And then every once in a while you find a record that garners unfettered adoration from seemingly all corners. Going through the comments on Savage Republic’s 4th LP (please don’t make me type the title again), I kept waiting for the other shoe to drop – for someone to cry “overrated” or “pretentious” or “these guys have nothing musical to say that Rip, Rig and Panic or Residents haven’t already covered.” But nope, it seems this here record was universally adored. The closest we come to a negative comment is someone who loves it but wants it to be moved down in rotation so that he doesn’t get sick of it. I wish I had some kind of medal to bestow upon Savage Republic for this achievement, but this blog post will have to suffice. Well done, sirs.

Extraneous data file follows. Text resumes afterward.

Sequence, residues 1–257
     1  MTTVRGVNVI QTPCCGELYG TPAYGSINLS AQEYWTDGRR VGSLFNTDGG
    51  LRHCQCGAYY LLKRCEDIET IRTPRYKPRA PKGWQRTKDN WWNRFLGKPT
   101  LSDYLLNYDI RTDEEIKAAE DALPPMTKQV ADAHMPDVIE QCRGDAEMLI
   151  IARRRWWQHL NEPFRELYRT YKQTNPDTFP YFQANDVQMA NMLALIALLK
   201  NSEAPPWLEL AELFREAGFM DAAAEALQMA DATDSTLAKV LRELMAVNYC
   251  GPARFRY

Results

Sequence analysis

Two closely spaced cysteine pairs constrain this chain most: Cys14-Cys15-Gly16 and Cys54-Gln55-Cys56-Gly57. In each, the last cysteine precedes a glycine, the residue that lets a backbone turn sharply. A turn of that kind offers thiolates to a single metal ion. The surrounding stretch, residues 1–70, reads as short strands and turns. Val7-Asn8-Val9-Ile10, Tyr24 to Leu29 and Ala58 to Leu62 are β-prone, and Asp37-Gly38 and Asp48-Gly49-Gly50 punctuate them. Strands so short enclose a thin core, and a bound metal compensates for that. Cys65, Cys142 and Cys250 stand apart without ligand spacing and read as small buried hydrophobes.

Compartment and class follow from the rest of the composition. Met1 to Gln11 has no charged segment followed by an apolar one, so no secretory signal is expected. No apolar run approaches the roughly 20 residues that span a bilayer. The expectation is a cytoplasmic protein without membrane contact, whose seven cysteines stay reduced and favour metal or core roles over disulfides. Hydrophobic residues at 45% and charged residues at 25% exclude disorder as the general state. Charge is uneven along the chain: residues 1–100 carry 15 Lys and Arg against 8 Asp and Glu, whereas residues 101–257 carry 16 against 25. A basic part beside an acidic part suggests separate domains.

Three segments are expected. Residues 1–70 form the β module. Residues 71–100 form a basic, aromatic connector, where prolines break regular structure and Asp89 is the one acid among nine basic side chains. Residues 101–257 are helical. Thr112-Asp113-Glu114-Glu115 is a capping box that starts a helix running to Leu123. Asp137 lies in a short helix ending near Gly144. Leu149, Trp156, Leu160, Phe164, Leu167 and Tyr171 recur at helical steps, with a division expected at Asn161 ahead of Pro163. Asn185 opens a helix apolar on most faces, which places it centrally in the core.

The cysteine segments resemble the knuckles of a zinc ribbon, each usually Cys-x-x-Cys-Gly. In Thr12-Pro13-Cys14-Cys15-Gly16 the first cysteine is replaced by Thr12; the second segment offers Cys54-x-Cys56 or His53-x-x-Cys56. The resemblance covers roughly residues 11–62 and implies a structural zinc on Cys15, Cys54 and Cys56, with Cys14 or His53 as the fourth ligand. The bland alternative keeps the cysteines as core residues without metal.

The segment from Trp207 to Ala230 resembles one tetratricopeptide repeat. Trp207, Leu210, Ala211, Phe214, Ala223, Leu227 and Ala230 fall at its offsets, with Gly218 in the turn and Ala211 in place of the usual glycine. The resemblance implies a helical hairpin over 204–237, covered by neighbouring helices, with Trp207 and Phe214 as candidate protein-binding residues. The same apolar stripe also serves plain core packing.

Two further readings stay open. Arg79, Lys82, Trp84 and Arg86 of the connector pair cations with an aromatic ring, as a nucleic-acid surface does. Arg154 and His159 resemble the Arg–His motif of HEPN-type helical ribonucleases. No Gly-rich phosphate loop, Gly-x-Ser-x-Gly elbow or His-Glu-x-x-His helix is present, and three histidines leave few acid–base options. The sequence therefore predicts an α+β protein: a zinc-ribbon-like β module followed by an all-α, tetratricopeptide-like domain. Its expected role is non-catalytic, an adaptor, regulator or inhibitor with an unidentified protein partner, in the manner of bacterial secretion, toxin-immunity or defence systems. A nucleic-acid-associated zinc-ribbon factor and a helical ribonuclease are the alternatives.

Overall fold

“This LP hits the mark! Suitable for home use. Too cool for words.”
“I love this!”
“I LOVE this! Some reminders of Ummagumma in some areas, good original rhythms in others.”
“This band uses tension and dynamics as good if not better than Sonic Youth (at least on this disc). Very percussive but extremely well balanced so that all elements blend together for a very dynamic disc. I give the nod to side 1. Pink Floyd fans may wish to try ‘Tabula Rasa.'”
“A brilliant disc – controlled & vaguely exotic. Great even if you’re not a Pink Floyd fan.”
“I love this LP. Please don’t make me get sick of it! Down. [i.e., move it down in rotation]”